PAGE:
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India captain Mithali Raj wants her batting line-up, especially the top order, to dig their heels in and "play according to the situation" in the upcoming ODI World Cup, instead of channeling their focus "entirely" on strike rate. And, when the need arises - which, in India's case, is often, going by their up-and-down performances with the bat since the 2017 World Cup - they must take the responsibility to "get your team out of the hole too".
India have been trying to score 250-plus totals on a consistent basis and, according to Raj, this is the blueprint by which they can achieve it. To further reinforce the point, she cited the example of Beth Mooney and her epic 125 not out last year where she started off circumspect, risking a low strike rate for prolonged periods of time, before hitting top gear.
"I think too much importance isn't given to strike rate by you all?" Raj asked in response to a question on India's takeaways regarding dot-ball percentage and boundary rates from the Australia tour, where they narrowly lost the ODI series 2-1. "Because it is always spoken [of] when it comes to batting or putting up big totals.
'I just wanted to know if you all only follow the strike rates of the India players or the players from the other teams, because if you might give me an opportunity to enlighten [you], the Australia [ODI] series itself, the game that Australia won, the decider, if you've seen Beth Mooney, who scored her 50 in 80-odd balls, but she went on to play a match-winning innings for the team.
"So, as for me, I believe that cricket is a game played on situations on the ground. And yes, it is important that we keep that in mind that we need to have a healthy strike rate. But at the end of the day, it's how our batting unit revolves and [what] the depth of the batting unit in our team [is].
"So yes, when we have to score 250-270, we need to have a healthy strike rate, but having said that, we will not only entirely focus on strike rate, it's important to play an innings to win and build partnerships, and that happens, not because of strike rate but because you apply and play according to the situation on the ground. Sometimes you have to play fast, but sometimes you have to play to get your team out of the hole too."
India, who were runners-up in the 2005 and 2017 tournaments, are looking to win their first world title in New Zealand in March-April.
In a manner reminiscent of her call to action to India openers Smriti Mandhana, especially, and Shafali Verma after the visitors' heavy defeat in the opening ODI against Australia in Mackay during the 2021 tour, Raj reiterated the need for the top order, which also includes the rookie Yastika Bhatia at No. 3, to stitch together sizeable partnerships if they are to stand a chance of crossing the 250-run mark in the World Cup.
"Firstly, I think if we have to visit the 2017 World Cup where the team has done well, where the team has put on a score of 250-270 is because there's at least one top-order bat who plays through the innings and the rest of them revolve around it. So it's important that the top order - one of them - takes the responsibility of playing through the innings and there has to be a partnership or two of 50, so that you know if we get to play more, the top order contributes. I think that way we would be able to score 250-270. It is very rarely that middle order or the lower middle order scores the bulk of the runs, so it's important that as a batting unit, all of us take the responsibility of playing our roles."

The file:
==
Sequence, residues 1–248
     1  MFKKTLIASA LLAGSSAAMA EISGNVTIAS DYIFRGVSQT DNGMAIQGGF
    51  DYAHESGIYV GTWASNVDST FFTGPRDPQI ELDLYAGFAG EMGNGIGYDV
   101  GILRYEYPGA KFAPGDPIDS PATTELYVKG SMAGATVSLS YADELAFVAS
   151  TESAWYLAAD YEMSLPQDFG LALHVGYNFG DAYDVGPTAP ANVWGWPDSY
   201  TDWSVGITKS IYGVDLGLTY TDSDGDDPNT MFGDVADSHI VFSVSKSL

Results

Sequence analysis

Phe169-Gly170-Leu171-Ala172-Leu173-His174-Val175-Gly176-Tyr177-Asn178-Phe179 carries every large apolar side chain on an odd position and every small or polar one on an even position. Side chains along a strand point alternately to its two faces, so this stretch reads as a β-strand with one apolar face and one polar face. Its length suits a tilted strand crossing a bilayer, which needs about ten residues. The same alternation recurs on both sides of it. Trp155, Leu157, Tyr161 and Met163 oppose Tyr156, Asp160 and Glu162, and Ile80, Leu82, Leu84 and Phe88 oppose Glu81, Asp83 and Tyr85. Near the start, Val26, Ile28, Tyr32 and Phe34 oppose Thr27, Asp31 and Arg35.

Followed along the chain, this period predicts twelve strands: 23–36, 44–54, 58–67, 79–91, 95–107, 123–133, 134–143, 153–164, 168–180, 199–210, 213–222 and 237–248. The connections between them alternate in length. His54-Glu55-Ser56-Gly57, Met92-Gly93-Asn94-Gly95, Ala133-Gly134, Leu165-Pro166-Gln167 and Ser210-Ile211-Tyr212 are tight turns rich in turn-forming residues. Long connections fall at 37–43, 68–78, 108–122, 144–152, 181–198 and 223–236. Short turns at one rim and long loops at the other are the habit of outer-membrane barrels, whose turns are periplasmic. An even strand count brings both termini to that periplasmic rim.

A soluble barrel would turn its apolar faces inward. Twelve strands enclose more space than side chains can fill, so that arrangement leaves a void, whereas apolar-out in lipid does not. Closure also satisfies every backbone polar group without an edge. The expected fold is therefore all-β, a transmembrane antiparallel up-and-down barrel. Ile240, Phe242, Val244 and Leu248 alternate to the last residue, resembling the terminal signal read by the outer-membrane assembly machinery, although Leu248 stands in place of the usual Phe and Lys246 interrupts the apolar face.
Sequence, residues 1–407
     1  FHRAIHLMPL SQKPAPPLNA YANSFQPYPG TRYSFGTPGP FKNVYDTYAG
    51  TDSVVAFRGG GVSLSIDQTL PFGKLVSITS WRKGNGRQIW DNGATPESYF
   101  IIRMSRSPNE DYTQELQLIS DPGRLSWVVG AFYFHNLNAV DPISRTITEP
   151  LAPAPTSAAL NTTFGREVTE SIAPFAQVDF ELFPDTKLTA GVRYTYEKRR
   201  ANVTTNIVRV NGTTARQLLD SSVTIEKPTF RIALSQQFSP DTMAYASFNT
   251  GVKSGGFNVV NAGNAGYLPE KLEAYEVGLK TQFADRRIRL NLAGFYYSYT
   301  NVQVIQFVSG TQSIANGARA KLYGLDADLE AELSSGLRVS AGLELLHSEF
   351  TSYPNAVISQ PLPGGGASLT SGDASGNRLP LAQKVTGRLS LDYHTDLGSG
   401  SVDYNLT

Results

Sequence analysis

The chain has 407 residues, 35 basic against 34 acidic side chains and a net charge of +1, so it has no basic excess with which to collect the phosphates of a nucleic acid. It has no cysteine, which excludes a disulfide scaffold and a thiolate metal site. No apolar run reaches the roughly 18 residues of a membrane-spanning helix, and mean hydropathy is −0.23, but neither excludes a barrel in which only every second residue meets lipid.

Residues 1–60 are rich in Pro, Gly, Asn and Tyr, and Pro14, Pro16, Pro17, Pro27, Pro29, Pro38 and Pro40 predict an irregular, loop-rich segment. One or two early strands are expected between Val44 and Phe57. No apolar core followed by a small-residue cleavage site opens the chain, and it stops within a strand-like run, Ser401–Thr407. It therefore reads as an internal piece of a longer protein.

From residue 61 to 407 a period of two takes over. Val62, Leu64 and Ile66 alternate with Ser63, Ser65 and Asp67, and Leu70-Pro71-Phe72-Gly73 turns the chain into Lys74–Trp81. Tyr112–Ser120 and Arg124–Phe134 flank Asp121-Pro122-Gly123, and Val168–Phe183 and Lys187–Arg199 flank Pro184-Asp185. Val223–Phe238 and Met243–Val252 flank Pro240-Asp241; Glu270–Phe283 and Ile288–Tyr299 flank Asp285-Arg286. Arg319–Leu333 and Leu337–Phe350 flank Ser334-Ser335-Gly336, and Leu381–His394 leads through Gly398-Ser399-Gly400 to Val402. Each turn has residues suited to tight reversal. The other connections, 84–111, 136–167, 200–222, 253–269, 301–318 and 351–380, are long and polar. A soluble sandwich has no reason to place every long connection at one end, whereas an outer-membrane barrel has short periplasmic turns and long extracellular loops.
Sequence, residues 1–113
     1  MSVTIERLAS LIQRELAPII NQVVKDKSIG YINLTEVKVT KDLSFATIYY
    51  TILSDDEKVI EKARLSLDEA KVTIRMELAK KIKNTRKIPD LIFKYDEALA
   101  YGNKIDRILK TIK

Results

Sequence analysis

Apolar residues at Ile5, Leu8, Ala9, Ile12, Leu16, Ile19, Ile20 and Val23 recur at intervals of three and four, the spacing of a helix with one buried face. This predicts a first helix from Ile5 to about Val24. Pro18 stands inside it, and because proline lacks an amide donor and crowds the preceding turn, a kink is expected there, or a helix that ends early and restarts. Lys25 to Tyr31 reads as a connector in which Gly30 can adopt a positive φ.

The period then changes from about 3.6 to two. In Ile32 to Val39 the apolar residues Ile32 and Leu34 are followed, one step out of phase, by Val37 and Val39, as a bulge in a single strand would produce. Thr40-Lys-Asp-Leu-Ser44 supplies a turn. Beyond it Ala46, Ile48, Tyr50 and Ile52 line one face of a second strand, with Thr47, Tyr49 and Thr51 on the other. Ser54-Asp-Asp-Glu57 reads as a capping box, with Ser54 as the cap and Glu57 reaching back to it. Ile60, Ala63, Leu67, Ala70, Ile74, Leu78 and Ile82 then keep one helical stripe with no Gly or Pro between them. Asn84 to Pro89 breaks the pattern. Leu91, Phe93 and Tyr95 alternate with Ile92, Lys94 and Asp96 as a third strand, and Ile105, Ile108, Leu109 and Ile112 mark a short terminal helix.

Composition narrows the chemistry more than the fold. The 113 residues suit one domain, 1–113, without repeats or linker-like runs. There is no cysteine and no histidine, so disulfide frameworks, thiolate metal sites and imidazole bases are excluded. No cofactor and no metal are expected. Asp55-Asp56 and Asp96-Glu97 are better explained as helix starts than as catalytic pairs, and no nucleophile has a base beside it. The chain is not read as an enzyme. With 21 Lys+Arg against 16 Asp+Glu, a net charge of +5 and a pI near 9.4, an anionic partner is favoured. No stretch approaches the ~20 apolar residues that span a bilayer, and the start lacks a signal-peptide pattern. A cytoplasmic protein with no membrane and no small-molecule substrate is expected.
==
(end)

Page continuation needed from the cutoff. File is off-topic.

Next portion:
Though India lost the points-based multi-format series against Australia, they made headway on several fronts. They posted back-to-back 250-plus totals, in the second and third ODIs, sealing their highest successful chase, of 265, in the latter. Before their 274 for 7 in September, India only had three 250-plus totals in 19 innings batting first.
There were individual successes as well. Mandhana, India's leading ODI run-getter since the last World Cup, made her highest score (86) in 16 innings and five series. Debutant wicketkeeper-batter Richa Ghosh injected a quick-scoring element in the middle order. And in Yastika, India unearthed a solid one-down option, allowing Raj, to slot herself in at No. 4, a position she is expected to retain.
Throughout her 23-year international career, the onus has often fallen on Raj to play the anchor and rebuild an innings, and while she still has the skills to do that, her strike rate does end up as a point of debate. It also doesn't help that India's second-most experienced batter and vice-captain, Harmanpreet Kaur, has struck only three fifties in 28 innings since her epochal 171 not out in the semi-final of the 2017 World Cup.
"I think it's important you back your players and that's what we do on this team," head coach Ramesh Powar said when asked about Kaur's ODI form. "Once you are selected in this team, we look for present and future, what you have done behind. You have to take confidence out of it or you learn out of it and move forward. As far as Harman is concerned, she just came out of the WBBL as the Player of the Tournament. So, currently she's in good form and it's up to her to capitalise those good days into best days in the World Cup."